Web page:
Abstract: Onshore, generators are connected to the transmission grid by TSOs. This regulatory model could simply be extended to offshore (i.e. Germany), but the connection of offshore wind farms to shore is also an opportunity to test alternatives, i.e. the third party model (i.e. the UK) or the generator model (i.e. Sweden). In this paper, we argue that the third party and generator models are indeed better suited to support the evolution towards larger scale offshore wind farms that are increasingly developed farther out to sea, while the TSO model is better suited to support the evolution towards cross-border offshore grid projects. In other words, an important trade-off needs to be made because none of the existing regulatory models can fulfill all the expectations in the current context in Europe. And, the trade-off has to be made at the regional or EU level because the different national regulatory frameworks are incompatible when applied to a cross-border offshore grid project.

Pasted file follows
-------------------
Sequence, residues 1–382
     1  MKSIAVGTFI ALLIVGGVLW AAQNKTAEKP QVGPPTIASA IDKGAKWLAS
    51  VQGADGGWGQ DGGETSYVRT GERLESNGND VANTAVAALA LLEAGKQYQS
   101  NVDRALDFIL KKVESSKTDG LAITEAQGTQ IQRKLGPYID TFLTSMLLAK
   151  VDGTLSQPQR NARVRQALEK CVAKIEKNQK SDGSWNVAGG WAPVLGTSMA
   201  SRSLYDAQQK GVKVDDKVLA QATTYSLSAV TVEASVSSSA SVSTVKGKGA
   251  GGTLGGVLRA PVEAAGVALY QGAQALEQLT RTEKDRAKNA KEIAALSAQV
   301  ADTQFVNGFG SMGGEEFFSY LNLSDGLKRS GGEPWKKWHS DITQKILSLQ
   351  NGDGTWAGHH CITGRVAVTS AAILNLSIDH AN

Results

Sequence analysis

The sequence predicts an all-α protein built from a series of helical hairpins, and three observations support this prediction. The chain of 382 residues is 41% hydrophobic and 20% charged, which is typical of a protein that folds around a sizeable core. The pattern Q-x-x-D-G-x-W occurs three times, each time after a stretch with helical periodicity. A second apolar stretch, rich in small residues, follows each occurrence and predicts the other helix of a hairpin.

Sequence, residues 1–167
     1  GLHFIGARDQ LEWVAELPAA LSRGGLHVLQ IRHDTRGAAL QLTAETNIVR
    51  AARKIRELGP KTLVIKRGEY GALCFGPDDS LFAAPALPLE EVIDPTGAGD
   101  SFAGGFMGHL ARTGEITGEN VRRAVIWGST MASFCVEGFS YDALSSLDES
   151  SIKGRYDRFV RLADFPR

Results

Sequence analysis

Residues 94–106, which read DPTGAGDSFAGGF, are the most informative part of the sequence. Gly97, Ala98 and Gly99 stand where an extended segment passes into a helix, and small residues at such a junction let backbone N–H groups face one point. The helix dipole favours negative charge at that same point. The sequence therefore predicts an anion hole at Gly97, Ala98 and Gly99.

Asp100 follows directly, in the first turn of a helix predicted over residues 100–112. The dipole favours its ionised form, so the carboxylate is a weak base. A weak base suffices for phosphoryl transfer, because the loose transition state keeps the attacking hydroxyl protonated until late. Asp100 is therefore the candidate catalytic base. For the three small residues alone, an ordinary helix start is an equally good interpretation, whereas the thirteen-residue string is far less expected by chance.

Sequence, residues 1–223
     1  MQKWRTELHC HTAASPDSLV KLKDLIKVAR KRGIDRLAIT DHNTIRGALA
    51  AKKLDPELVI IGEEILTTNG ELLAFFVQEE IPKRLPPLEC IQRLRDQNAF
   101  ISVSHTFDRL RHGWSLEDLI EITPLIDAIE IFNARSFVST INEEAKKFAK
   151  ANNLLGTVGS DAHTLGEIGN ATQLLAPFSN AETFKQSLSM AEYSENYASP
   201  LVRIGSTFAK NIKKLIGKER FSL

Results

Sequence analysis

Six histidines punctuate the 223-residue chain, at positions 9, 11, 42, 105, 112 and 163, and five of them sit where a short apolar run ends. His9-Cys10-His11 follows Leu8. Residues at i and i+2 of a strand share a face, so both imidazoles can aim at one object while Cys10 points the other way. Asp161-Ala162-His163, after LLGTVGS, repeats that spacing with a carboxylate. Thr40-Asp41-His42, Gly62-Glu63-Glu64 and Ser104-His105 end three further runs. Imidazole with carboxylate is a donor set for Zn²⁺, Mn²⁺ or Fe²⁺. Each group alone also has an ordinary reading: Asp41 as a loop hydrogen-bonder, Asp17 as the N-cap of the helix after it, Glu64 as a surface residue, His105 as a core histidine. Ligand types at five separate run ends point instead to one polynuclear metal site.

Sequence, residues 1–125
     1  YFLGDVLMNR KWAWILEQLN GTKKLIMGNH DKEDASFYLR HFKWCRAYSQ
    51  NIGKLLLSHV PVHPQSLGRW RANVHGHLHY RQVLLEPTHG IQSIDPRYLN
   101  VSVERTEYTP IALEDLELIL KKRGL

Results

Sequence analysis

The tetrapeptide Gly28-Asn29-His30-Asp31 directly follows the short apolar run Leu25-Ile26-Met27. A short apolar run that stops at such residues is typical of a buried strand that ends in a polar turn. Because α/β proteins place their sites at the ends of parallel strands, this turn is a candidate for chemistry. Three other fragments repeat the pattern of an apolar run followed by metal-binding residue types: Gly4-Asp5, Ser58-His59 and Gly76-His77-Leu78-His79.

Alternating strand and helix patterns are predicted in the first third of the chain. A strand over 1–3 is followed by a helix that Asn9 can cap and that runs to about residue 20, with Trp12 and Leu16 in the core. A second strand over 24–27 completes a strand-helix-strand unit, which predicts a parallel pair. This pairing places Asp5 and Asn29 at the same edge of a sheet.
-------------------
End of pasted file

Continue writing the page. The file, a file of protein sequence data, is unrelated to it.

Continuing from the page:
Keywords: Renewable energy, offshore wind, grid connection, transmission, regulation
    Date: 2014–02
  8. By: Karthik Krishnan; Debarshi Nandy; Manju Puri
    Abstract: We analyze how increased access to financing affects firm total factor productivity (TFP) by exploiting a natural experiment following interstate banking deregulations which increased access to bank financing. We find that firms' TFP increases after their states implement these deregulations. Using a regression discontinuity approach based on Small Business Administration’s funding eligibility criteria, we show that TFP increases following the deregulations are significantly greater for financially constrained firms. Our results suggest that greater access to financing allows financially constrained firms to invest in productive projects that may otherwise not be taken up.
    JEL: G21
    Date: 2014–05